Rolex of Doom: Bulgarian cleric fails to sell gold watch to cover his church’s electricity bill
A high-ranked Bulgarian cleric, who wanted to sell his gold Rolex in order to pay the electricity bills of his penniless church, couldn’t find a buyer for the expensive watch in the EU's weakest economy.
Metropolitan Nikolay of the city of Plovdiv announced plans to
part with his watch in February after his Saint Marina church
received a 3,000-lev (around $2,000) power bill.
"I'd rather go to heaven without a watch than to hell with one," he told state BTA agency back then.
But it seems the cleric would have to travel to the spirit world with the watch firmly on his wrist as the public tender for the Rolex failed to attract any bidders on Sunday due to the high asking price of 11,600 lev (around $7,700).
Nikolay's Rolex as well as a Lincoln car owned by his counterpart from the city of Varna have attracted anger and criticism from the country’s press and general public.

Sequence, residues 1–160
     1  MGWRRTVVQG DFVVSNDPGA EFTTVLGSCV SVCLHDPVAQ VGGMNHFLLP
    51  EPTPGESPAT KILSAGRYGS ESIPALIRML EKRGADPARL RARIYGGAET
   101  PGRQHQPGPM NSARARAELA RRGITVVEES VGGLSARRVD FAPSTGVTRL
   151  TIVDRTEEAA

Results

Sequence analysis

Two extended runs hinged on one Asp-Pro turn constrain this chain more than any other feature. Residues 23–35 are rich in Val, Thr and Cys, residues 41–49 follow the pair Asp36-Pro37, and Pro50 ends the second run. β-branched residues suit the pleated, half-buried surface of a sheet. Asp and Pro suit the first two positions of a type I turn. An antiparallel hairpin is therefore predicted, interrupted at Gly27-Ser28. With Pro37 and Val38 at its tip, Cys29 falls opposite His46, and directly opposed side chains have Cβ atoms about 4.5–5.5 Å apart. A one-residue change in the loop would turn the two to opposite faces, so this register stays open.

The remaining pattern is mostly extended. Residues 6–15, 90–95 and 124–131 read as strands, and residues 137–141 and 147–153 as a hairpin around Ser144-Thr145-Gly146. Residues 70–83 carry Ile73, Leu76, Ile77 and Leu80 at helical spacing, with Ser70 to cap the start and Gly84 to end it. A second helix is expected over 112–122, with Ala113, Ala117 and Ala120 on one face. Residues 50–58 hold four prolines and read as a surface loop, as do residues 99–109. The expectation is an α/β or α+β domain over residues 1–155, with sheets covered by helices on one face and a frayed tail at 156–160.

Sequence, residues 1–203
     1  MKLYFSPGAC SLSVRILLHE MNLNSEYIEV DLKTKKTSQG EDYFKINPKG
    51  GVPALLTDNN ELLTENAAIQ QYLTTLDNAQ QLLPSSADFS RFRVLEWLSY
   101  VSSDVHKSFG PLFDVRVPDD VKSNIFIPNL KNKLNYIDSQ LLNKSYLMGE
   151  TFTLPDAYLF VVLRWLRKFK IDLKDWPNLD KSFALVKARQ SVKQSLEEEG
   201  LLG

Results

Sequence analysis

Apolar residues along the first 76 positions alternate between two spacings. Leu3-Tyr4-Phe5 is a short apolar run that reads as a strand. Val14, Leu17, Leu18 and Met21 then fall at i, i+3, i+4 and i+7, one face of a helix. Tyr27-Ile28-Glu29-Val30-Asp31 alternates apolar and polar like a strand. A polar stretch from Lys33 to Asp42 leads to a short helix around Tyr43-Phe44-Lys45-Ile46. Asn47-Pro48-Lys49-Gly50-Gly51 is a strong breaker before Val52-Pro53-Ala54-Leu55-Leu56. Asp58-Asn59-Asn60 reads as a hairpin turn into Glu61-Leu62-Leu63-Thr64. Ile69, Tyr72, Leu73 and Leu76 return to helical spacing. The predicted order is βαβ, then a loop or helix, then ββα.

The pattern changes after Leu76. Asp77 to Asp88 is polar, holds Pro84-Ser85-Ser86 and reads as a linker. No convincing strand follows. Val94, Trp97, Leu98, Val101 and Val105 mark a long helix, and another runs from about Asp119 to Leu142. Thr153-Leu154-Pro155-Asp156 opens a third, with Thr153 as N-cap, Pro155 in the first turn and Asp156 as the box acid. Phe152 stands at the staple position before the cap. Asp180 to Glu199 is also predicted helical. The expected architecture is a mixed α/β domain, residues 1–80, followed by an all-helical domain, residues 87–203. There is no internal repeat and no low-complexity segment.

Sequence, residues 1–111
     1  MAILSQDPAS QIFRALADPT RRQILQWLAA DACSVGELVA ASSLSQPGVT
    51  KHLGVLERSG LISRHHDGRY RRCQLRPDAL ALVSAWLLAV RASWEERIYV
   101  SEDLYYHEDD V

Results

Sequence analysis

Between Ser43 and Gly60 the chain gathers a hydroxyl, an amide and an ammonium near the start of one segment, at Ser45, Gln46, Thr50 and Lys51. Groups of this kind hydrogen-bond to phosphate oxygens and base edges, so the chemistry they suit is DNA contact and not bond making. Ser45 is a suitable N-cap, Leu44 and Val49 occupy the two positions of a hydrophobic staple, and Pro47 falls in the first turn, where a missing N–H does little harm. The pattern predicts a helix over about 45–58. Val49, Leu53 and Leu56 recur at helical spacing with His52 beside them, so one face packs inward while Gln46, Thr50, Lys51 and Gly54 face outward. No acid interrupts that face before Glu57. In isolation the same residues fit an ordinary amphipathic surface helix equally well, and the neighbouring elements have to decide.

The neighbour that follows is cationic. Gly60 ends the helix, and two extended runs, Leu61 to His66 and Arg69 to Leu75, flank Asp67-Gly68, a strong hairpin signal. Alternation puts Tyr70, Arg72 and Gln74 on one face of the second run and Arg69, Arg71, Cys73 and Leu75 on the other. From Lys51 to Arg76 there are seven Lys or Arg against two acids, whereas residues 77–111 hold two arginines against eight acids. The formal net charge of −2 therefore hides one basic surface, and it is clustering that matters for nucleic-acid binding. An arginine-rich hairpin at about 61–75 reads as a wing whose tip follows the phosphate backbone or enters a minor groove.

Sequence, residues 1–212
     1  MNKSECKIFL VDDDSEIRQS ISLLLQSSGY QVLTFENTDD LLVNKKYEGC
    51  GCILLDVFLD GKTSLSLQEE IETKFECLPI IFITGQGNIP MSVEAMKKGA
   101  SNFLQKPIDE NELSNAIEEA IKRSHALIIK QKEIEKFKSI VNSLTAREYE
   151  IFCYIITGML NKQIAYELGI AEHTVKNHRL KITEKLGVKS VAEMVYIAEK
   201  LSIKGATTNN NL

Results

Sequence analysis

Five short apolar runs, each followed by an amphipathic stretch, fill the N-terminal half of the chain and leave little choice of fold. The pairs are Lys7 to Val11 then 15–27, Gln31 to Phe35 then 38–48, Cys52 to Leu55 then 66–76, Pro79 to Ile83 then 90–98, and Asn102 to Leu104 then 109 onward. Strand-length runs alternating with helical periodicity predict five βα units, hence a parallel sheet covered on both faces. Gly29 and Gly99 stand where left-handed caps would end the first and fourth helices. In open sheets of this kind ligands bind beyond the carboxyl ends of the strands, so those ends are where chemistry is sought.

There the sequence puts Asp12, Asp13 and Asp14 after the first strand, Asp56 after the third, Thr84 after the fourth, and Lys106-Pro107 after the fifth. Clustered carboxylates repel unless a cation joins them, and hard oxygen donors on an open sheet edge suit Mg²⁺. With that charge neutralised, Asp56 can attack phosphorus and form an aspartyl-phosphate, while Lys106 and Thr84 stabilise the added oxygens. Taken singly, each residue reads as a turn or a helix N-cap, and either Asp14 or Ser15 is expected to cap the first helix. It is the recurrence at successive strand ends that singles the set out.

Bulgaria's Orthodox Church is experiencing severe money shortages, despite being the largest property owner in the country after the state. Paying utility bills became an even bigger problem as the cost of electricity in the country more than doubled in January.
The move resulted in tens of thousands taking to the streets in protest, which forced the resignation of Prime Minister Boyko Borisov last month.
The rallies continue in Bulgaria, but on a smaller scale now, with hundreds taking part in demonstrations in different parts of the country for a fourth Sunday in a row.
On March 10, the protesters convened again, this time demanding
a halt to the planned sell-off of the state railway's cargo unit
and an audit of all the privatization deals.
But with fewer people showing up, the protests are likely to lose steam over the coming weeks.
An early election is scheduled for May 12 in Bulgaria, with Borisov's center-right GERB party and the Socialists showing equal results in the opinion polls, suggesting difficulties in forming a government and more political instability.